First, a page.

Dr Wainwright excavated several of the henge monuments between 1966 and 1971 - to him is attributed the discovery that many of these once held massive wooden structures (derived from the post-holes left behind as the wood rotted away). These evocative structures help us place the stone circles in better context, and perhaps may explain some of the woodworking techniques (such as the mortice and tenon joints at Stonehenge) executed in stone at Stonehenge
Stonehenge is unique enough to deserve its own section, and these books take Stonehenge as the main theme.
One of the best general introductions to what Stonehenge is and the stages of its construction, Souden also covers the wealth of remains in the immediate area. Well illustrated with photographs and drawings with an easy writing style.
An archaeologist of the old school with zero tolerance for the alternative and the fringe, delivering himself of the immortal quote "Much of what has been written about Stonehenge is derivative, second-rate or plain wrong.". Chippindale still comes up with a highly readable though one-sided look both at the history of Stonehenge - and the history of the history of Stonehenge from Inigo Jones' Roman theorising to the latest alternative fringe. I'd like to have seen a bit more about Stonehenge itself and a little less of the history of the history, but recommended for scholars of Stonehenge nevertheless.
Rosamund Cleal, R.Montague, K.E.Walker
Definitive archeological text detailing the archaeological surveys of Stonehenge and its environs with full diagrams and reports. This is the last word on the scientific discoveries of the site - though it is not cheap!
As the sub-title suggests, John North's emphasis is on astronomical alignments. The subject gets a competent and scholarly approach which is rare in the field of archaeoastronomy, but North's writing remains approachable and understandable by the intelligent layman. Highly recommended for those interested in astronomical alignments of megalithic structure, this book comers the subject in fascinating depth. I find myself not entirely convinced of some of his hypotheses, but they are well-argued, and his argument for a winter solstice sunset alignment rather than the opposite popularly known midsummer solstice sunrise alignment is very convincing.
The Making of StonehengeRodney Castleden, Routledge, 1993, ISBN 0-415-08513-6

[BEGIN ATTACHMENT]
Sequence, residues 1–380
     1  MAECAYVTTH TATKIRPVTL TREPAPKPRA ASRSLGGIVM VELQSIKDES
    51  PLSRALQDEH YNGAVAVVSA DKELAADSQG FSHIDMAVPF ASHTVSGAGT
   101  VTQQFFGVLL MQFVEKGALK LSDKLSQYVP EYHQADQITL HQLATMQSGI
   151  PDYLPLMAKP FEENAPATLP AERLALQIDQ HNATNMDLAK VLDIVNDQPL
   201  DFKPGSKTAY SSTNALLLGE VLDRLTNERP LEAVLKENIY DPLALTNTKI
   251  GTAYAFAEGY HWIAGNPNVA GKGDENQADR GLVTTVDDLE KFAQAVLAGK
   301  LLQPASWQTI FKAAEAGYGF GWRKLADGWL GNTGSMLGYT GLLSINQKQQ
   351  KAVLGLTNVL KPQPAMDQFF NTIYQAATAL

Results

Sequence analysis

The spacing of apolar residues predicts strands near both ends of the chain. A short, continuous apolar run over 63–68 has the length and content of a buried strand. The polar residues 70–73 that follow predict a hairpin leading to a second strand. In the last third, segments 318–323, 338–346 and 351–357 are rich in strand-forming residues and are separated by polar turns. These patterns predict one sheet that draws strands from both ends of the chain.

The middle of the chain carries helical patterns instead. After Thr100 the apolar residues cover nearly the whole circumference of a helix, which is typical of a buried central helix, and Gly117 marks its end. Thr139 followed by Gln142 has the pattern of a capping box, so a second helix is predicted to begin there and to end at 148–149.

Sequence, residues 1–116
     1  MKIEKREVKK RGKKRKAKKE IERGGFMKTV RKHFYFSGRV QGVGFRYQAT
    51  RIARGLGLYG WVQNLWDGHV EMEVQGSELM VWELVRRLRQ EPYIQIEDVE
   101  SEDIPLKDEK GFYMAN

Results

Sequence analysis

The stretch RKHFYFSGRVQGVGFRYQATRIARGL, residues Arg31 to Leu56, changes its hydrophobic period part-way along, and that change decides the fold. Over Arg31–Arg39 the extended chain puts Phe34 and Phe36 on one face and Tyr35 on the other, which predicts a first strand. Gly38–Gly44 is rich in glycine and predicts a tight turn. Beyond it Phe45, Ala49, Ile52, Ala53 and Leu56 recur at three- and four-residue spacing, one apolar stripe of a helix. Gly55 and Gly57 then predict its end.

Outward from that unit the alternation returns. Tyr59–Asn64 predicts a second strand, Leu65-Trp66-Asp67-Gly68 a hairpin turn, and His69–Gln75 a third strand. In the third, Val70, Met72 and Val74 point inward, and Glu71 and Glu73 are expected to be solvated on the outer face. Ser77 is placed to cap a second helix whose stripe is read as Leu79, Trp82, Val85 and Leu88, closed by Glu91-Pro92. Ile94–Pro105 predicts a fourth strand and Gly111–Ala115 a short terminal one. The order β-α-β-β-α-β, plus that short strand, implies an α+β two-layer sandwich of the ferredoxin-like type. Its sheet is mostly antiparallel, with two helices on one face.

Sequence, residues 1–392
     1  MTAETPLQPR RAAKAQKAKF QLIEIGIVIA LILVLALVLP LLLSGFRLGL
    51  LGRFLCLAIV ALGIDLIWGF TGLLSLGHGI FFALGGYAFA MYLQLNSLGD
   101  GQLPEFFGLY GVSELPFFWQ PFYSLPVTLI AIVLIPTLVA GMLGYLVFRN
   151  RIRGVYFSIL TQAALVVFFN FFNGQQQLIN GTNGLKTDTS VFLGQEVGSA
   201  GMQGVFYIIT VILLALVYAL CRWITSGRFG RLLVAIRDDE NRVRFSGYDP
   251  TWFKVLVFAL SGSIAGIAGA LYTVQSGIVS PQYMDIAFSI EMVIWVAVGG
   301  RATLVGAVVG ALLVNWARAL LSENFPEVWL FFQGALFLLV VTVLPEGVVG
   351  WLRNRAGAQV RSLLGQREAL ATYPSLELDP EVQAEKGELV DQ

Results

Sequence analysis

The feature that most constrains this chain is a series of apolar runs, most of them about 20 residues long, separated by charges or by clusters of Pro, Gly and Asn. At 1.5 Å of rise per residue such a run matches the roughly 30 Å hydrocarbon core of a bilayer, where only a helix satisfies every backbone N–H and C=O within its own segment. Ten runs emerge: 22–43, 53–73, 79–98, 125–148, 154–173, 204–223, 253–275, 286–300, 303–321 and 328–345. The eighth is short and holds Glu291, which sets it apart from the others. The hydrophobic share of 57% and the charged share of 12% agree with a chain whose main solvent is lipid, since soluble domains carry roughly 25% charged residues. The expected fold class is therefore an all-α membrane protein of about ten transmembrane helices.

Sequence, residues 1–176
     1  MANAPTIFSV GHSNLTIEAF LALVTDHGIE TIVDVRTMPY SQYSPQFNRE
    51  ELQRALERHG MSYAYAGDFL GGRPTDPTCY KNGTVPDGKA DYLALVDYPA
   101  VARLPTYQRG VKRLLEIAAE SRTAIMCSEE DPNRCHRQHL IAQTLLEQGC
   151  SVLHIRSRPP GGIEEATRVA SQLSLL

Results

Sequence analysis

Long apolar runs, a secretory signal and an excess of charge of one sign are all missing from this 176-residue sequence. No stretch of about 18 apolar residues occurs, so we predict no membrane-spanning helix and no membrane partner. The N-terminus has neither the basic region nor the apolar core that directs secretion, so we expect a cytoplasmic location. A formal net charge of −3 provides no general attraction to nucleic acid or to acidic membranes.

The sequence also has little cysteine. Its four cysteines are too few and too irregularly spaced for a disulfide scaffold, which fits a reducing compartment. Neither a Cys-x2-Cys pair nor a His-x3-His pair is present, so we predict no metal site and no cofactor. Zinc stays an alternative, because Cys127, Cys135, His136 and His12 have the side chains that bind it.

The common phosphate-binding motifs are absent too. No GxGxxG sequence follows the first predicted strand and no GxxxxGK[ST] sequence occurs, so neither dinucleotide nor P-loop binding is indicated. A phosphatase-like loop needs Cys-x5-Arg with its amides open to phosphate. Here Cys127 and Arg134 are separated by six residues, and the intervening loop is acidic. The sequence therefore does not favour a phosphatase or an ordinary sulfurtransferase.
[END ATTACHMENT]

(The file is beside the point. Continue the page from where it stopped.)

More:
A good read and a thorough description of the archaeology of Stonehenge and its environs. The perspective also covers much more about the people who made Stonehenge and what we can infer about them, which adds colour to the archaeology. Unlike the colour added by conjecture and speculation, however, this author draws on the academic studies and theorems of modern archaeology. Readable but still authentic - a good combination for those who want more than the Stonehenge guidebook.
This scientific reference is not written with the layman in mind, but it has to be a definitive reference for scholars researching Stonehenge. It is a collection of papers presented at the Royal Society symposium "Science and Stonehenge" 20-21 March 1996. As such it the contents are not always honed to be easy for the layman reader. As a goldmine of raw studies, data, fieldwork and cutting-edge theory it is excellent. Some of the data helped me develop the computer modelling used for the "Stonehenge past" illustrations on this web-site
The late Professor Atkinson contributed much to the archaeology of Stonehenge with his careful fieldwork and thorough interpretation. This is his take on the subject!
RJC Atkinson, English Heritage, 1987 rep 1993, ISBN 1 85074 172 7
You can't beat this English Heritage guidebook which is available from the Stonehenge shop for value, and as a quick introduction to the essential points of Stonehenge the easily readable text and excellent illustrations this is a must-have for the visitor to the site.
It really is best to have got it and at least glance through it before you visit Stonehenge - so much more of what you see will make sense in the light of the knowledge. Tragically the shop on site is arranged so that most people will check it out after they have seen the Stones.
The late Professor Atkinson was closely involved with Stonehenge and contributed greatly to what is known about the monument as a result of his careful fieldwork and study spanning many years, and thorough knowledge of prior work.
Local knowledge adds detail and coherency to some of these descriptions from people living in the area of their local megalithic sites.